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Labels Genetically Engineered Foods
At a Glance
- Proposition 37 requires labels on all raw foods that have been genetically engineered, and all processed foods that contain ingredients that were genetically engineered.
- Genetically engineered foods could not be labeled "natural," a term that is not currently regulated.
- Certain products are exempt, including: alcoholic beverages, prepared foods, medicine and animal feed.
- Budget Impact: The Legislative Analyst's Office estimates Prop. 37 will cost up to $1 million for the state Department of Public Health inspections.
As consumers we have been eating genetically engineered foods since 1994. Most genetic modifications are to seeds to help them grow in adverse climates, mature faster or become resistant to pests or herbicides.
In 2011, 88 percent of all corn and 94 percent of all soybeans produced in America were grown from genetically engineered (GE) seeds, according to the U.S. Department of Agriculture. Other common GE crops are canola, papaya, sugar beets and zucchini.
What Proposition 37 Changes:
Currently, consumers do not know what foods have been genetically engineered. Under Prop 37, all foods that have been genetically engineered, or contain GE ingredients will be labeled.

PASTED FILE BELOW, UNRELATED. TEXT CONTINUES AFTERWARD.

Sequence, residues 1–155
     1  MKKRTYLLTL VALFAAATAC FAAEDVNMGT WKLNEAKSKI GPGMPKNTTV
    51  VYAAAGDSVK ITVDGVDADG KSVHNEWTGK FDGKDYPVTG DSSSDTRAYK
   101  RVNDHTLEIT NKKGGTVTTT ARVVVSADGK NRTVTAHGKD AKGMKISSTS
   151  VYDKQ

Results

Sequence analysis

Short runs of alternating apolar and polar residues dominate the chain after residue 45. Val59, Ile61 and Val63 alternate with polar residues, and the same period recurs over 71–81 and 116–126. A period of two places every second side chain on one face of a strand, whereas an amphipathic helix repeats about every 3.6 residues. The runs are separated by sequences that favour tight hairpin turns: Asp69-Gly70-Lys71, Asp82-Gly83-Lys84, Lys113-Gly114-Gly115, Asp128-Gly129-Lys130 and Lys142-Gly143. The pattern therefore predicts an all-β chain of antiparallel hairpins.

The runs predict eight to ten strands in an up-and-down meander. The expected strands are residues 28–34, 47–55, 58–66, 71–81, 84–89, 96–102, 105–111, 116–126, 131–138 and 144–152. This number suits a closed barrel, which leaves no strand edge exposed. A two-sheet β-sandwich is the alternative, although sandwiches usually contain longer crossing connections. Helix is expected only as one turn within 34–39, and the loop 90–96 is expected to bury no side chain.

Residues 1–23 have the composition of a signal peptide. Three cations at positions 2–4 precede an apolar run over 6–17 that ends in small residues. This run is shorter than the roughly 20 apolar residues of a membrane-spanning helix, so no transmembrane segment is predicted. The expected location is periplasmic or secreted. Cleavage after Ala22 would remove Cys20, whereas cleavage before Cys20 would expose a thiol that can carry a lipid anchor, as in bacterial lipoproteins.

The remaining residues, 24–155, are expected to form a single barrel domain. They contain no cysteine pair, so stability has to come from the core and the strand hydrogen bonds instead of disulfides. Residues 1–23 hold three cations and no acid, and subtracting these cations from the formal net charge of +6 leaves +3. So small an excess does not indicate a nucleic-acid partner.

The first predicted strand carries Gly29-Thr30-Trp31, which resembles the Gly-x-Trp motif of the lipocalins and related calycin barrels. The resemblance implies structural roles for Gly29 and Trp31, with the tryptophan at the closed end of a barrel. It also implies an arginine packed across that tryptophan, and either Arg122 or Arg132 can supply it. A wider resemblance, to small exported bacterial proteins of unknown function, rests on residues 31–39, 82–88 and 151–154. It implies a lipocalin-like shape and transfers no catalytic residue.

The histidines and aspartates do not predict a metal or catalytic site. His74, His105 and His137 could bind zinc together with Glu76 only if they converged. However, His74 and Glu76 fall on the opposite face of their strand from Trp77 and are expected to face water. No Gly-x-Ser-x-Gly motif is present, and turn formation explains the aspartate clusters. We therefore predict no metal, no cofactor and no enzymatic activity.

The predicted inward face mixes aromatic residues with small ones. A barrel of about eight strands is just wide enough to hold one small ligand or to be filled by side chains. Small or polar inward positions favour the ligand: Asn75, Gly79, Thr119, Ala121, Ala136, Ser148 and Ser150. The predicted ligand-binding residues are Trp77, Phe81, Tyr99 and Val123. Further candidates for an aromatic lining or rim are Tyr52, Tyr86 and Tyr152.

The measure exempts alcoholic beverages, medicines, food served at restaurants, pet food and animals that eat GE foods. So milk and beef from cows that eat GE corn would not be labeled, but soymilk from GE soybeans would be. Organic foods, since they already must not be genetically engineered would also not be labeled.
Retailers, such as grocery stores, would be required to label bulk foods and produce. For every product without a label, retailers would have to get a sworn statement from the provider of the product or receive independent certification.
More than 40 countries label GE foods, including all European Union nations, India and China. America does not. The Food and Drug Administration and World Health Organization say genetically engineered foods do not present a safety concern. The American Medical Association agrees that's what current research shows, but says it would like to see more testing.
Arguments For and Against:
there's a dearth of peer-reviewed studies on the effects of GE foods on human health, and therefore such foods should be labeled. Consumers have a right to know how their food is produced.
Major donors include the Organic Consumers Fund, Dr. Bronner's Magic Soaps and Nature's Path Foods, who had raised $3.9 million dollars by late September.
people seeking non-GE foods can eat organic products. Some scientific organizations say labeling is a scare tactic. They argue genetic engineering is a tool that can help fight hunger and ward off pests.
Companies also warn the measure could drive the price of food up, as they will pass the cost of complying to the consumer.
The list of opponents includes many large food corporations, such as PepsiCo, Coca-Cola, Kellogg, General Mills, Sara Lee, Kraft and Nestle. Monsanto, a leading producer of GE seeds, is the largest donor against the campaign. All told, opponents had raised about $32.5 million by late September.